This is the stack of books I've been working my way through lately. Three down, three to go... As I've said many times before, I need to find a few more hours in my day. So many good books, so little time!!
The Kitchen Daughter by Jael McHenry is the story of a young woman with Asperger's. From the book jacket: "After the unexpected death of her parents, shy and sheltered Ginny Selvaggio, a young woman with Asperger's syndrome seeks comfort in the kitchen, away from her well-meaning but interfering relatives and her domineering sister, Amanda. The methodical chopping, slicing, and stirring soothe her anxiety, and the rich aroma of ribollita, painstakingly recreated from her Italian grandmother's recipe, calms her senses. But it also draws an unexpected visitor: the ghost of Nonna herself, bearing a cryptic warning in rough English, "Do no let her," before vanishing like steam from a cooling dish."
Ginny continues to spend time in the kitchen to escape her grief and her uncertain future. Her sister is adamant that they will sell the house and Ginny will come to live with her. Ginny has other ideas. She does not understand her sister's concern
for her safety and her immaturity in dealing with everyday life situations, her inability to live independently. Sheltered by her parents, she has never had to cope with the day to day business of life and its stresses, but thinks she is quite capable... she considers herself "normal", and is, in fact, somewhat obsessed with the whole concept of "what is normal"... Food is her coping mechanism; she turns to it to try and hold on to the past, even though she knows she must move forward.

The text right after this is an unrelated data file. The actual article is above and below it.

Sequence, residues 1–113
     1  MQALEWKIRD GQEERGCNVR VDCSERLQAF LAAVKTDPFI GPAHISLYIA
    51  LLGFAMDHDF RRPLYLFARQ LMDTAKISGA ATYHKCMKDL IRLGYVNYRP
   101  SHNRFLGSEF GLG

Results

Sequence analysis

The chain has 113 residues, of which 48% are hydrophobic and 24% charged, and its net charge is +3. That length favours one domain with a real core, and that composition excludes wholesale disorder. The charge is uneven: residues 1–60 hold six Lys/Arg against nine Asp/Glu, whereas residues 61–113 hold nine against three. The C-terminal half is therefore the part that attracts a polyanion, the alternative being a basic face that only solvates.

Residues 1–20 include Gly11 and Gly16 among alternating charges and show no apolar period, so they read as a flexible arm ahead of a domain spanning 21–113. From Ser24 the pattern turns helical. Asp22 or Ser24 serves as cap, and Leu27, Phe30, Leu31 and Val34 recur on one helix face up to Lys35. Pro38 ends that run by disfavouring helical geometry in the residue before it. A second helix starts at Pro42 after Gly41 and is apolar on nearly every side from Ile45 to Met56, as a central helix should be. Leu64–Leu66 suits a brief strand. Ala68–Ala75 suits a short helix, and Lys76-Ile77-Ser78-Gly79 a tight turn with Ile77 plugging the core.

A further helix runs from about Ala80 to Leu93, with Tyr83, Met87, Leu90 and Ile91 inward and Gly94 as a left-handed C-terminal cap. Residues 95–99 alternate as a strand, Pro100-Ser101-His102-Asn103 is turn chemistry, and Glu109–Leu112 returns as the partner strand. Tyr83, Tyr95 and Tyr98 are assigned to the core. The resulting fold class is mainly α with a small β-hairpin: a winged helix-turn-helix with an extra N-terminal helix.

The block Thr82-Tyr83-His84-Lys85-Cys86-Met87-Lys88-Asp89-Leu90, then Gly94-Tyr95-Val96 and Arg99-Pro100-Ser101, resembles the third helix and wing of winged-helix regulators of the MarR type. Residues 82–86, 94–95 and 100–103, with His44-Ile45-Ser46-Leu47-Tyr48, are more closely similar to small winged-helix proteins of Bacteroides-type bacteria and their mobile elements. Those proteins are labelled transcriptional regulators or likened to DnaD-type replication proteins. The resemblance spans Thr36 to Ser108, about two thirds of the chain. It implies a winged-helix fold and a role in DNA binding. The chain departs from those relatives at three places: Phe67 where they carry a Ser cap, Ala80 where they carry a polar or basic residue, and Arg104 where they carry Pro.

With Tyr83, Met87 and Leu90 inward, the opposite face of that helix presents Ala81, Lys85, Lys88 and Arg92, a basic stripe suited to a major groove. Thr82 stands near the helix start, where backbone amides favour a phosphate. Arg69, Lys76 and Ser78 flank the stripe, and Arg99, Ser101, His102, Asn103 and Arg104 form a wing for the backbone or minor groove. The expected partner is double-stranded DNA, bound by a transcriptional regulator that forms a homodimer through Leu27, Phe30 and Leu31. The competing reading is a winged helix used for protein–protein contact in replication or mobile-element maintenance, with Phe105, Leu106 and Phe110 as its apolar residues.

I enjoyed this book, it held my attention. I didn't know a lot about Asperger's but found Ginny's character easy to like. (Upon finishing this book, I added Jodi Picoult's House Rules to my "to read" pile.) Although I could certainly identify with Amanda's concerns for Ginny's future and independence, I couldn't help but root for Ginny. The addition of recipes (and some great food metaphors) made the book even more enjoyable.You 'll laugh and you may even shed a few tears, and for sure you'll think about "what IS normal, anyway?"
"Reading fiction is important. It is a vital means of imagining a life other than our own, which in turn makes us more empathetic beings. Following complex story lines stretches our brains beyond the 140 characters of sound-bite thinking, and staying within the world of a novel gives us the ability to be quiet and alone, two skills that are disappearing faster than the polar icecaps." ~ Ann Patchett, "And the Winner Isn't..." NY Times 4/17/12